‘You need to try leaning forward more, you see, that’s your mistake,’ I offered in his ear.

‘Shnngggurglnn,’ he replied, nodding and smiling in a sleepy-eyed fashion. He had obviously ventured far beyond language.

And then – a Christmas miracle! – back up on stage, Crispian Mills hit a power chord, your man and his mates leapt for joy, beer went everywhere, and in a thunderclap of a song’s ending, they disappeared! I shit you not! One minute they were there, scattering eau de Tennents’ everywhere (but thankfully mostly forwards) and the next they were gone, leaving a three-man-drunk hole in front of us. If I had doubted the Power of Shakerism before, truly I came to believe at that moment.

More, they had ascended into the Rapture (or, just possibly, gone to the bar) at a perfect time, because Kula Shaker had finished with K and its associated B sides and were closing their set with the obligatory storming cover of Joe South’s ‘Hush.’ Cue massed singing of na-nana-na etc, handwaving, foot stamping, and general commotion amongst even the most douce sections of the crowd. Then a tumultuous encore: ’33 Crows’ and ‘Infinite Sun’ from K2.0, followed by my all time favourite, ‘Great Hosannah,’ with a tremendous, roaring segue into ‘Govinda,’ the track they’d held back from the original album. The second encore, listed on Setlist FM as ‘I’d Like to teach the World to Sing/Shakermaker medley,’ sent us home smiling.

It would have taken a man less emotional than me to feel unmoved, in the face of aforesaid shite year, by the lyrics of ‘Great Hosannah:’

If we stand here together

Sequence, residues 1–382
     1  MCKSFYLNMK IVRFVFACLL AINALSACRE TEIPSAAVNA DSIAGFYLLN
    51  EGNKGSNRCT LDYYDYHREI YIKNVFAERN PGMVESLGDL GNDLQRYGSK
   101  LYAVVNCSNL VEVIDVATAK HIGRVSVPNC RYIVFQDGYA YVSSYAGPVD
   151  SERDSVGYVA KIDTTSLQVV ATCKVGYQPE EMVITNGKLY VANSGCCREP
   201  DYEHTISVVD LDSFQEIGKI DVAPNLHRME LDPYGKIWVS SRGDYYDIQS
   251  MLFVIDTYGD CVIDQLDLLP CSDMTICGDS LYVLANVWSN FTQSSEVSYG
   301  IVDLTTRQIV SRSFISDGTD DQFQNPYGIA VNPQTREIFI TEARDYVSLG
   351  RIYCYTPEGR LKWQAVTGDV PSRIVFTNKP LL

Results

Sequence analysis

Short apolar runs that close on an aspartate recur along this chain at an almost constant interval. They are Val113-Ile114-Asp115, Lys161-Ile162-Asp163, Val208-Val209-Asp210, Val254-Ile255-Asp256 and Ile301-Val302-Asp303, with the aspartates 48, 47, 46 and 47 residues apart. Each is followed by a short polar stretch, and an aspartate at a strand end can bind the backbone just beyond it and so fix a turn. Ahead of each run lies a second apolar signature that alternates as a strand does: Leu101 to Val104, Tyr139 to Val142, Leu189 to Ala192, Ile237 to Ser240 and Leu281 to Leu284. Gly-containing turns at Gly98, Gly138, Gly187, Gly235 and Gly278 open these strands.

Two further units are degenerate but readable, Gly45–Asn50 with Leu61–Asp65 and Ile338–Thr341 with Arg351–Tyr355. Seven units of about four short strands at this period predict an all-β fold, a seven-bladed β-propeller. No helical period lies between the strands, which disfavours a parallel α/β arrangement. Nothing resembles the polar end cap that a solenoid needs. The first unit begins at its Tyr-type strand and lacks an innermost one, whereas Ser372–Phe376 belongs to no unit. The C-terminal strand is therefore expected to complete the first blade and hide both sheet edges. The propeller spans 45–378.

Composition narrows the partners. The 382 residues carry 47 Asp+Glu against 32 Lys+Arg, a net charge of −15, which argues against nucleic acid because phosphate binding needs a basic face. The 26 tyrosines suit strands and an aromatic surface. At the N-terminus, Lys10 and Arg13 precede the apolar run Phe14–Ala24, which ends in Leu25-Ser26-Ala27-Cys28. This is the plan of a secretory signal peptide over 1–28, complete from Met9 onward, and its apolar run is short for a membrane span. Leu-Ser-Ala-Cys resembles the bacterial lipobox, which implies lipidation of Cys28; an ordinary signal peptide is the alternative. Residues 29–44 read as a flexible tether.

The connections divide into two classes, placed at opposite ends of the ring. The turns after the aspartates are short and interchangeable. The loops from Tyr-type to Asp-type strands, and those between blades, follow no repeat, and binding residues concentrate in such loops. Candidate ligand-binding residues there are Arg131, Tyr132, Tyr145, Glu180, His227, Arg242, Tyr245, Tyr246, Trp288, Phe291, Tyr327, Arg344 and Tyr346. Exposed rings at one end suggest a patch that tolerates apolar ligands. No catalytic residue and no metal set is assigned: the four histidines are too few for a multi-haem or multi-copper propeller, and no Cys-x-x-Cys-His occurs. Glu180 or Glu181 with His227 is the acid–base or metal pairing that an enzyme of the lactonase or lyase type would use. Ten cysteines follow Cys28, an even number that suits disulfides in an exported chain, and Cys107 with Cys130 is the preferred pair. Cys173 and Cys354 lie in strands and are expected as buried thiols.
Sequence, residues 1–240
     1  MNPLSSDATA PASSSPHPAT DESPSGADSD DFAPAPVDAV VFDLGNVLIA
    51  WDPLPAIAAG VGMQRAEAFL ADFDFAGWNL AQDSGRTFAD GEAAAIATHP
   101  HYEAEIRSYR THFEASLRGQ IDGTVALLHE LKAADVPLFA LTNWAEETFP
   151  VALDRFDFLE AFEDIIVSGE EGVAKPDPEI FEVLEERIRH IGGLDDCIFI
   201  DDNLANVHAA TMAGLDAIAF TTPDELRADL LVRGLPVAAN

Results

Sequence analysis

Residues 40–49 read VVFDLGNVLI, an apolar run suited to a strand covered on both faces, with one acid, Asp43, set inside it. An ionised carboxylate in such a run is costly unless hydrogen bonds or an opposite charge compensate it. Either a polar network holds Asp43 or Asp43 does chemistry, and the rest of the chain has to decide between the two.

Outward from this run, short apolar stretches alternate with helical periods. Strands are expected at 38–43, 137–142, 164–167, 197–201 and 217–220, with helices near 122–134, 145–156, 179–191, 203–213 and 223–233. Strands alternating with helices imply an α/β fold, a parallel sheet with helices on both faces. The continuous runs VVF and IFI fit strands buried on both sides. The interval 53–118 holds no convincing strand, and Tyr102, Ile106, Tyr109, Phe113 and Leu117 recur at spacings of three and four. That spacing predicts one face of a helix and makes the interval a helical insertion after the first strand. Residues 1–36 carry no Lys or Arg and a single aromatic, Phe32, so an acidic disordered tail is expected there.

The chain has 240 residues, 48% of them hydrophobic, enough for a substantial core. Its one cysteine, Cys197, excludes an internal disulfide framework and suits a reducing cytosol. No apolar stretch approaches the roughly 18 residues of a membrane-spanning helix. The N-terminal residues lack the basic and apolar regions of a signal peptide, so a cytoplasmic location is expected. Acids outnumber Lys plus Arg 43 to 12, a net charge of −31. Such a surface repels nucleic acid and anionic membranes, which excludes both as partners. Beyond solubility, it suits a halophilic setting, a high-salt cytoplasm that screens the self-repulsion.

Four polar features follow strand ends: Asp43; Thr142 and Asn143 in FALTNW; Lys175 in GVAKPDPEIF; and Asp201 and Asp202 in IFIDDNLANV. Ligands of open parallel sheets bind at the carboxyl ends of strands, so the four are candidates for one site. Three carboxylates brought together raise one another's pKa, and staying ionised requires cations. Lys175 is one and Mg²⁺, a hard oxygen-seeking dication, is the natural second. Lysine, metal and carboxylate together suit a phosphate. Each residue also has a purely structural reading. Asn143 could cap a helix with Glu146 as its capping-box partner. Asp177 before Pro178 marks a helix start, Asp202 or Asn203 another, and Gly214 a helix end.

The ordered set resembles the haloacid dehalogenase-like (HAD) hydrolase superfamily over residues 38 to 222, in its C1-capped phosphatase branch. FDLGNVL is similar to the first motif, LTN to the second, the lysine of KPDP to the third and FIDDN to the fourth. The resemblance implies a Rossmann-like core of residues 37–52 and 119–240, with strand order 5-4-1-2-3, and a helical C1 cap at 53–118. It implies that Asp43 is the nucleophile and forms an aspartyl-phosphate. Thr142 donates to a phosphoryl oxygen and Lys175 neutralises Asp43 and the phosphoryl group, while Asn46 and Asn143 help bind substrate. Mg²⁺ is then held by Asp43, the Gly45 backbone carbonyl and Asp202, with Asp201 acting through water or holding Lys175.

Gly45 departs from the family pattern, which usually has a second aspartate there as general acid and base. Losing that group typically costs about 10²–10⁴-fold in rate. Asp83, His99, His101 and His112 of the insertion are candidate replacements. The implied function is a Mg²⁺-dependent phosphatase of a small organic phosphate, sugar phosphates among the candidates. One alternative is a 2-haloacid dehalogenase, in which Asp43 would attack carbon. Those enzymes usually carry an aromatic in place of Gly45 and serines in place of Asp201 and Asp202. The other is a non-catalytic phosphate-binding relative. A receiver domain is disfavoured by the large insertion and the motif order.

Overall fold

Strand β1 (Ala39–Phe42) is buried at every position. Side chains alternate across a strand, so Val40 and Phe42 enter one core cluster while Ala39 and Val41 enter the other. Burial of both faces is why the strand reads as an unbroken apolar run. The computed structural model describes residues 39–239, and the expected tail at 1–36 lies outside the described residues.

And we see the world as one
We may think there’s no future
But it’s the same for everyone
It’s like the world has lost its head
And it’s like all the prophets said
But will we arise to a new world…

But my transcendental experiences were not quite at an end for the night. As we faithful all shuffled to the exit, another drunk guy drew near (it’s not quite the animal magnetism I’d dreamed of as a teenager, I may say).

‘Flug log illegal,’ he said to me, nodding conspiratorially. I must have looked confused, so he tried again.

Flaak laak ineagle,’ he said. ‘FLAG LARK IN BEAGLE.’

‘Ah,’ I said, because suddenly, a blinding flash of illumination had hit me (it may have been the last of the stage lights popping). He was, of course, quoting from the Second Epistle of St Crispian to the Glaswegians (K2.0, track 1, verse 1). And in that moment of enlightenment, a strange transfiguration came upon me. For were we not all pilgrims travelling on the same route? And who was I to judge my fellow converts? Indeed, but two nights ago, with the administration of some office-lunch peer-group pressure-inspired sambuca shots, had I not been pretty much in the same state, if not of grace, of talking in tongues?

Yea, brother, I had been. Big style. Drunk as a monkey. So now I laid a hand on my fellow pilgrim’s shoulder, and together we intoned the Holy Word of Crispian:

‘We are one with the Infinite Sun,

Fly like an eagle…’

At least, that’s what I was singing. He was still chuntering on about logging being illegal. But the Spirit of Shakerism was moving within him, I could tell.

Footnote: If you’ve read this far down, well done, and thanks for reading – and listening – to my various creative outpourings over the year. If you have. Have a great festive period, whatever your belief or none, and a safe and prosperous 2017. It can only improve.












If there are ads below here, they’re not mine!



Leave a Reply

Fill in your details below or click an icon to log in:

WordPress.com Logo

You are commenting using your WordPress.com account. Log Out /  Change )

Facebook photo

You are commenting using your Facebook account. Log Out /  Change )

Connecting to %s

This site uses Akismet to reduce spam. Learn how your comment data is processed.